The SINS player can only react to an Agent’s move/attack, and can only effect that acting Agent and none other, so there is a dynamic risk reward there. We’ve had multiple games where a hapless agent went in to complete a mission knowing she (looking at you Morgana) would immediately be swarmed and killed.
Faith characters consist of the following:
That’s it! The Xmen… I mean Faith agents can pick up items that add a few special effects (mostly just more dice) but running a single Faith team member or ALL of them at once is no problem as there’s not too much to keep track of.
There are four ‘classes’ (Bruiser, Shooter, Fixer, Leader) that equate to your standard thief, tank, caster, buffer and you must have two of each class and one leader to make up your team. Each agent breaks a rule in the game in some way and there are a LOT of them. Six full teams (Alpha, Beta, Delta, Gamma, Omega, Sons of Ragnarok) exist with all the expansions and a group of extras that can be a full team themselves. That’s just under 50 agents…lots of asymmetry for you there.
As SIN, you have a bunch of other stuff to deal with, but it’s not super complicated. You move the monsters and play little trick cards and remember the effects of your SIN on the game and the Apocalypse card. Probably the most complicated period is the end game where there could be members of the Hell Club, the Avatar, Controller, Abominations and Acolytes all on the table with multiple Apocalypse cards out to remember effects from. All in all, I feel that it plays REAL SMOOTH either side with very few burrs.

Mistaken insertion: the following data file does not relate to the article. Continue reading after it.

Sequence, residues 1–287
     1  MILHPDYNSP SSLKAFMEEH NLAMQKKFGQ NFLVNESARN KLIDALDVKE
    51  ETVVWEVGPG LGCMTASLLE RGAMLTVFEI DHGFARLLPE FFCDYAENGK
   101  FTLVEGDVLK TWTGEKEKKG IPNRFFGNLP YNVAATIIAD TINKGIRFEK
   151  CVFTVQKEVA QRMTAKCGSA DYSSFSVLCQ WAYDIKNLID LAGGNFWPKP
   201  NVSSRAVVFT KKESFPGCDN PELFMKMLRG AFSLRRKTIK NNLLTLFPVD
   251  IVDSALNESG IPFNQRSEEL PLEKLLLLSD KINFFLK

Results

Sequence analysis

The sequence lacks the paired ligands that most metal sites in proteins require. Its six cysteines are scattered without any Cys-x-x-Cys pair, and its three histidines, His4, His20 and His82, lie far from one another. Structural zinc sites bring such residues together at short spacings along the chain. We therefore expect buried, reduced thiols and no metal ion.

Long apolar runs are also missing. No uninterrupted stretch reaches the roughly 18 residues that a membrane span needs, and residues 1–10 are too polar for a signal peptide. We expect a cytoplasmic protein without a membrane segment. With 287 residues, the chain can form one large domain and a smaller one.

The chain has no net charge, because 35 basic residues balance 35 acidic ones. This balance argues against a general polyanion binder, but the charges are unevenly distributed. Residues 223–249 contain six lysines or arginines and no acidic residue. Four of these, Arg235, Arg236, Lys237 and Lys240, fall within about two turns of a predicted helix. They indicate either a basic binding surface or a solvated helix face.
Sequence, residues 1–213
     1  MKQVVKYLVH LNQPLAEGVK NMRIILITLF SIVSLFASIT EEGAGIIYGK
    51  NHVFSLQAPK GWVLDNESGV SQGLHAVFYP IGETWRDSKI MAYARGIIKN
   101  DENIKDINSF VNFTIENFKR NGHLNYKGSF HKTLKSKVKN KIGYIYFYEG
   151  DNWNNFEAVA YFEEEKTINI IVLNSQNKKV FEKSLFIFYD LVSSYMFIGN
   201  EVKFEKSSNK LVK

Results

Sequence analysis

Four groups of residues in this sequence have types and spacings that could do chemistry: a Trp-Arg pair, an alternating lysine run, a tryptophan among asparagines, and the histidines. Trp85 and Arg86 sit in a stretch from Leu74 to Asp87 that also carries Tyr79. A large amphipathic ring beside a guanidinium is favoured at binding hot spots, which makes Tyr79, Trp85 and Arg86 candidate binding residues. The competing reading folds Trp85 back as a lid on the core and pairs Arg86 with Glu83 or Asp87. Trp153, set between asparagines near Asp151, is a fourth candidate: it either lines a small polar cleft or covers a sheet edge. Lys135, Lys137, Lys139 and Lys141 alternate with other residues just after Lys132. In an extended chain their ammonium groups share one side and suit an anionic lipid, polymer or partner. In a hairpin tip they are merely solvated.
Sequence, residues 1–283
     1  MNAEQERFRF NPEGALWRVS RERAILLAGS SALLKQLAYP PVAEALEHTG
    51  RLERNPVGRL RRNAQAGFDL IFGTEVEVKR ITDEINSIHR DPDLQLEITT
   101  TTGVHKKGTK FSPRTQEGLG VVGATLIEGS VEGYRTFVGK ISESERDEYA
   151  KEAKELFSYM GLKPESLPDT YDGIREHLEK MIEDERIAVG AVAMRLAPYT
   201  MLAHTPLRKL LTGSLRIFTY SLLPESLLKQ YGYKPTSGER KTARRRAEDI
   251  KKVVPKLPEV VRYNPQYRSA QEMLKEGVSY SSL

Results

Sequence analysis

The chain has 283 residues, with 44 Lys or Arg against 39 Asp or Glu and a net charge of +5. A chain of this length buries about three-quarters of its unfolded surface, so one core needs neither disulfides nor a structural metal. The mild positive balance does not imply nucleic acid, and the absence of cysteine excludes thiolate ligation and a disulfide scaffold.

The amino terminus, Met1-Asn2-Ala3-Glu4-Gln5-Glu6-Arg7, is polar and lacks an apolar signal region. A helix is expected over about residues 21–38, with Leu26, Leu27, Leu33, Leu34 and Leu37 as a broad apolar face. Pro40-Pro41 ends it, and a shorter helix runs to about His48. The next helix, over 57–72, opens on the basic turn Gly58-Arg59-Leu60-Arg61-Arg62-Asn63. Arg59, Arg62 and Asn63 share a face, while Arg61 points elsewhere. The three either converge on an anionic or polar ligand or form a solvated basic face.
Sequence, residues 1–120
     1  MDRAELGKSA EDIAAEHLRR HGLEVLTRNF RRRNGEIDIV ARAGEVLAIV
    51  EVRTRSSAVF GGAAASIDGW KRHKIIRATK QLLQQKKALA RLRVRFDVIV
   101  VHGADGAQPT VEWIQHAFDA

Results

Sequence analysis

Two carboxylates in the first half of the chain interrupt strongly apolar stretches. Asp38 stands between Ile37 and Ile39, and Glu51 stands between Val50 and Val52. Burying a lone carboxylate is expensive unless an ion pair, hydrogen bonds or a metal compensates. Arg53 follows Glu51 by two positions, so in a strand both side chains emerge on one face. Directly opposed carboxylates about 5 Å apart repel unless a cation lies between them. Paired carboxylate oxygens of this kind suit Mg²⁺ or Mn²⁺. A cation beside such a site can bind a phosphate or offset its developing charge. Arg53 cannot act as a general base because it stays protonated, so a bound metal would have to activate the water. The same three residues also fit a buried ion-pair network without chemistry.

Play itself is exciting, with nearly every agent and monster move making a ton of difference. There’s very few slough-off plays for either side where nothing happens. Due to the Apocalypse track, the Faith side is always pushing ahead as it gets much unpleasant for them about turn 3 on.
Overall I would describe the play of the game as fairly fast and clean, with the only lags being when Faith players discuss what to do next, which they should and need to do throughout the game. Like games with an antagonistic GM, such as Fury of Dracula, it can be tough as SIN not to fuck up and accidentally hand the players the win, but ever game seemed fairly close.
The game takes about 3 hours for a single story. I think if we play more games, this will get shorter and may even hit between 1-2 hours.
Lastly, The Others has a lot of stuff out for it with it’s initial release, the box it came in dwarfed the Blood Rage box which I now keep in a massive pelican case so I can take it to work gaming club, people’s houses and stuff. I’ve humped that fucker 2 miles walking in mid-winter from the bus stop and that wasn’t fun. The Others has even more stuff– a mountain of miniatures and boxes. What should you buy? What should you not buy until you’ve played a bunch of games and know your group likes it?